This week’s edition of The Monitor will be the last until at least the summer of 2018. After more than 14 years on the air and hundreds of interviews, I am forced to take a break from the show. Listen to last week’s show for more detail.
The Monitor goes on hiatus with a feature length interview with William Binney, a former highly placed intelligence official with the United States National Security Agency(NSA) who turned whistleblower and resigned on October 31, 2001, after more than 30 years with the agency. He was a high-profile critic of his former employers during the George W. Bush administration, and later criticized the NSA’s data collection policies during the Barack Obama administration. In 2016, he said the U.S. intelligence community’s assessment that Russia interfered in the 2016 presidential election was false. You can read more about Binney in many outlets online, including: CIA DIRECTOR MET ADVOCATE OF DISPUTED DNC HACK THEORY — AT TRUMP’S REQUEST; NSA whistleblower discusses ‘How the NSA tracks you’
William Binney features in a documentary called “A Good American”. This is well worth watching and available now on Netflix. Here is the trailer:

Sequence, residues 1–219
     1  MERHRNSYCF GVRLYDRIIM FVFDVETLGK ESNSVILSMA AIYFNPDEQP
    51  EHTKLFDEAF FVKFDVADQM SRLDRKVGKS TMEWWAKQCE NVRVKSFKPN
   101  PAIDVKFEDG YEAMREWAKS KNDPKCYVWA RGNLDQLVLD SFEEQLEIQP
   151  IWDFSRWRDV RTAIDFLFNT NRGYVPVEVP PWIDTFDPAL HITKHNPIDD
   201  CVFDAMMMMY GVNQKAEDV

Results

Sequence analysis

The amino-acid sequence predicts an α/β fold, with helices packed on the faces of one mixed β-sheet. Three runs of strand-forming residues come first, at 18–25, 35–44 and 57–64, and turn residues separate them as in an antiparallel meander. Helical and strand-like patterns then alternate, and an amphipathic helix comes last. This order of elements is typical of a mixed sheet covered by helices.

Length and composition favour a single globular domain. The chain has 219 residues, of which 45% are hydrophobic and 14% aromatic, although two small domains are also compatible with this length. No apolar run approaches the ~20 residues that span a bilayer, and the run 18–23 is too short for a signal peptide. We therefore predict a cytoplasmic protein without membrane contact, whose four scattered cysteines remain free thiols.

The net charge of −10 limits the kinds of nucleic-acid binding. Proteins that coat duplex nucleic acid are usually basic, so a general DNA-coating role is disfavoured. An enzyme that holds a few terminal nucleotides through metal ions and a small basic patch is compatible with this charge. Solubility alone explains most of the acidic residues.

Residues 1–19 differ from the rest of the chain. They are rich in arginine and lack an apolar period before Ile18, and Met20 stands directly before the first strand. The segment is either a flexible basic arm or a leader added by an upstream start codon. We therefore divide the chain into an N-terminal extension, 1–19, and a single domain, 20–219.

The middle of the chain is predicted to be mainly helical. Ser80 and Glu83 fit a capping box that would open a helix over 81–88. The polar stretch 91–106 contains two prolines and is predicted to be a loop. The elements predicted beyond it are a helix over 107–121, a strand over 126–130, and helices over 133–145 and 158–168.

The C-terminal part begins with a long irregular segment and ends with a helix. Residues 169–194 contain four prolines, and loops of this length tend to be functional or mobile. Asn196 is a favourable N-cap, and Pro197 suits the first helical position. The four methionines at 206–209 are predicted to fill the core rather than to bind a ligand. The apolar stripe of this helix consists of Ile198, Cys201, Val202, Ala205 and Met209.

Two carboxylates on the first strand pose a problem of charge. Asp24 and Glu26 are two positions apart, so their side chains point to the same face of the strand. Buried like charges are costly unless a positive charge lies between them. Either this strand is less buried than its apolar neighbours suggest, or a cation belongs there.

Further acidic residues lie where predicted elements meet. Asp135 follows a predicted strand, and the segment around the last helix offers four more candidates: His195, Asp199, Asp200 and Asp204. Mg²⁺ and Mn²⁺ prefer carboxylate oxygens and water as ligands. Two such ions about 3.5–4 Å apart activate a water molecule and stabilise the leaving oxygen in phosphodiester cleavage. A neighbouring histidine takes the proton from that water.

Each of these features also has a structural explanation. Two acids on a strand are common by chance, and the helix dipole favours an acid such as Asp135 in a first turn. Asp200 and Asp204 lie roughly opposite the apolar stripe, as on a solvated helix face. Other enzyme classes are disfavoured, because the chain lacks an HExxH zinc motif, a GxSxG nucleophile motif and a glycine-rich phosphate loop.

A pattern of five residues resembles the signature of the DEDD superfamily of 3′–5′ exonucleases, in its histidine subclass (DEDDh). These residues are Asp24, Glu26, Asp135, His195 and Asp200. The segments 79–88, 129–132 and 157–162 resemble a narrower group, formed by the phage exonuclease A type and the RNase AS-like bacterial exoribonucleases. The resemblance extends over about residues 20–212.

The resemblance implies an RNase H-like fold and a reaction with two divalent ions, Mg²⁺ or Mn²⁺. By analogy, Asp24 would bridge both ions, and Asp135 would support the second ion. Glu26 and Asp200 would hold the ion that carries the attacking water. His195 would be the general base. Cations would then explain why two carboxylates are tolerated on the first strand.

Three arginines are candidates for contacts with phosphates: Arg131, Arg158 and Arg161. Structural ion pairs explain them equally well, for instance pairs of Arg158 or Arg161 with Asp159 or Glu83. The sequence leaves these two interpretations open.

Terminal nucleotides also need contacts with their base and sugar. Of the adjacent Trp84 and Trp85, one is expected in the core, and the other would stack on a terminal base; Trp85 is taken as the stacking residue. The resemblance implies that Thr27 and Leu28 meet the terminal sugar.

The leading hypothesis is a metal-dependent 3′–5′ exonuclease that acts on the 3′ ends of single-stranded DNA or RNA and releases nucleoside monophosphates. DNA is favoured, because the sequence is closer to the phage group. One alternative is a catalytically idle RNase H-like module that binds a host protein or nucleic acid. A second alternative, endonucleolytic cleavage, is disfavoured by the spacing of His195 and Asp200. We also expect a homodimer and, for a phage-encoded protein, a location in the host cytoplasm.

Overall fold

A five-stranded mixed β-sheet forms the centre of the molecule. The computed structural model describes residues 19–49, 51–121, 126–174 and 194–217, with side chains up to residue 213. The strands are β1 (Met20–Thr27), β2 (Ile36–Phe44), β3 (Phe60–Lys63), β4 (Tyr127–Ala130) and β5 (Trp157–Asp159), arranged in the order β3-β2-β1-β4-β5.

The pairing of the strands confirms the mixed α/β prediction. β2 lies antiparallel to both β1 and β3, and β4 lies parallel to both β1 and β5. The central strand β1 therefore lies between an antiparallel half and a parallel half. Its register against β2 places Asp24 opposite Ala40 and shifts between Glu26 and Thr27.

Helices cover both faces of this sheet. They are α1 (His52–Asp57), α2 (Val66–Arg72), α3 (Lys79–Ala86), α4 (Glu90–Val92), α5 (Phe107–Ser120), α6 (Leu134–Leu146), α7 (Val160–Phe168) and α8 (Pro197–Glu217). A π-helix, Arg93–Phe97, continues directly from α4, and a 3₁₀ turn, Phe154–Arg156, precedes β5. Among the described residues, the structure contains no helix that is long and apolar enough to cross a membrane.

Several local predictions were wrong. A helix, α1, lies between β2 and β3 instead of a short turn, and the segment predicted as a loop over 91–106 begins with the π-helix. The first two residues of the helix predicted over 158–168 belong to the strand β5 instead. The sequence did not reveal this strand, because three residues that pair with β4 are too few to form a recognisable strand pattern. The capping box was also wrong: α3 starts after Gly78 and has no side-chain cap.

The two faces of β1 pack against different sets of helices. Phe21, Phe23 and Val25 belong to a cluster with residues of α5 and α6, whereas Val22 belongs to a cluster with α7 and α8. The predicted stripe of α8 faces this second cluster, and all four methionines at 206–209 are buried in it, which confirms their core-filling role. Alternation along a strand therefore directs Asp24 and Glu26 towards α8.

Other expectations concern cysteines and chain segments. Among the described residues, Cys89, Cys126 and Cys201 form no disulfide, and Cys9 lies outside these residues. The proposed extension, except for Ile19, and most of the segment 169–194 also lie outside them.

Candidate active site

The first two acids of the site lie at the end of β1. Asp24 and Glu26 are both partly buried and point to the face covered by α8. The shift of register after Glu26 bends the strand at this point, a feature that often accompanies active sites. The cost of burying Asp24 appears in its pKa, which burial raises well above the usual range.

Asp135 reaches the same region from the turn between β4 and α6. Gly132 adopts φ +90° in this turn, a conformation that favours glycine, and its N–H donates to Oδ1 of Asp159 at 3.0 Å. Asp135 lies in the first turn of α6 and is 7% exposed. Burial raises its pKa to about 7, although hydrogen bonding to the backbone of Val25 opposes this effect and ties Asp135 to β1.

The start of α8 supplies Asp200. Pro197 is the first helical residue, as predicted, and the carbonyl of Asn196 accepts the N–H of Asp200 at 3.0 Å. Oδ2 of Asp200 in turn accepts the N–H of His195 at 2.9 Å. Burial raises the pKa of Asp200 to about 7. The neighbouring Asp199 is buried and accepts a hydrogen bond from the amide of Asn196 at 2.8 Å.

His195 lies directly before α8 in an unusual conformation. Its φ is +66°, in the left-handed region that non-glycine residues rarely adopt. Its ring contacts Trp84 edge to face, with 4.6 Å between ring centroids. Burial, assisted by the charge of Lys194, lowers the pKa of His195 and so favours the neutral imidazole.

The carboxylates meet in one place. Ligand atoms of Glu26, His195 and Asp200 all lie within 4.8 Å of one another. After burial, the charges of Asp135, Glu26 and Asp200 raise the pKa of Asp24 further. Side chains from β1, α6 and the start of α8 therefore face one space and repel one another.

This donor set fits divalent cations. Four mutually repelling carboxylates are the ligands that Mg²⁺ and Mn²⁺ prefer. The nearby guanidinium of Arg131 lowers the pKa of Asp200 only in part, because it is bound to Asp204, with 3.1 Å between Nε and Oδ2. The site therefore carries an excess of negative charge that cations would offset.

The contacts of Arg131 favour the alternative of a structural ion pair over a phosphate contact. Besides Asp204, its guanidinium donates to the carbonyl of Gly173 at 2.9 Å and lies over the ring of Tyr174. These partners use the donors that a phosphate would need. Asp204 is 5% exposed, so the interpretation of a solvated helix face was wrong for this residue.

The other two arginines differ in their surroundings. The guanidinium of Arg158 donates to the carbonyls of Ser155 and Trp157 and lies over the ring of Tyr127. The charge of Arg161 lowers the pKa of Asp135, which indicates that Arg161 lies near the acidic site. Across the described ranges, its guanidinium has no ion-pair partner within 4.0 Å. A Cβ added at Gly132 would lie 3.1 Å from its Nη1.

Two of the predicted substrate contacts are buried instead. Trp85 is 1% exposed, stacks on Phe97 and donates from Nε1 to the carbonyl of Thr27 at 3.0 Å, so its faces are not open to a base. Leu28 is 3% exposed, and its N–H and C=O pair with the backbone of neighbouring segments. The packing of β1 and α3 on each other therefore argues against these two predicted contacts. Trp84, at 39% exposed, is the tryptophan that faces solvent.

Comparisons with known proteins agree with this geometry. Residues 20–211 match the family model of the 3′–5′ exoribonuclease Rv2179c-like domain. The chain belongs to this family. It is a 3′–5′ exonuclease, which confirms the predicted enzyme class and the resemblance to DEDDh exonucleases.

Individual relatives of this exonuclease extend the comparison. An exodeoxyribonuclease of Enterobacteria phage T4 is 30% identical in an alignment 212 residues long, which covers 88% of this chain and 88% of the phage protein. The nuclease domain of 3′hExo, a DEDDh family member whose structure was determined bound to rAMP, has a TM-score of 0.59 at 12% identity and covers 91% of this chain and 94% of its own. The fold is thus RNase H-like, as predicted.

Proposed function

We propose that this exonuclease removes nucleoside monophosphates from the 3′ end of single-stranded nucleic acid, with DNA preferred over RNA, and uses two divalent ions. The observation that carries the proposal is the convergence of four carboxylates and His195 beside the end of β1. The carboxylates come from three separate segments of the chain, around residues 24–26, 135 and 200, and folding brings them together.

- Donald Trump nominates Betsy DeVos to be his Secretary of Education. We discuss the topic with Diane Ravitch.
- News or Propaganda? What is happening to the news and what is the “Countering Foreign Propaganda and Disinformation Act” about? We discuss the topic with Rick Sterling.
Diane Ravitch is an historian of education and Research Professor of Education at New York University. She was born in Houston, Texas, attended the Houston public schools from kindergarten through high school, and graduated from Wellesley College in 1960. She received her Ph.D. in the history of American education in 1975. She lives in Brooklyn, New York. Ravitch is author of many books, including Reign of Error: The Hoax of the Privatization Movement and the Danger to America’s Public Schools and The Death and Life of the Great American School System: How Testing and Choice Are Undermining Education. She served as Assistant Secretary of Education and Counselor to the Secretary of Education from 1991-1993 under the George H. W. Bush administration. She now blogs at dianeravitch.net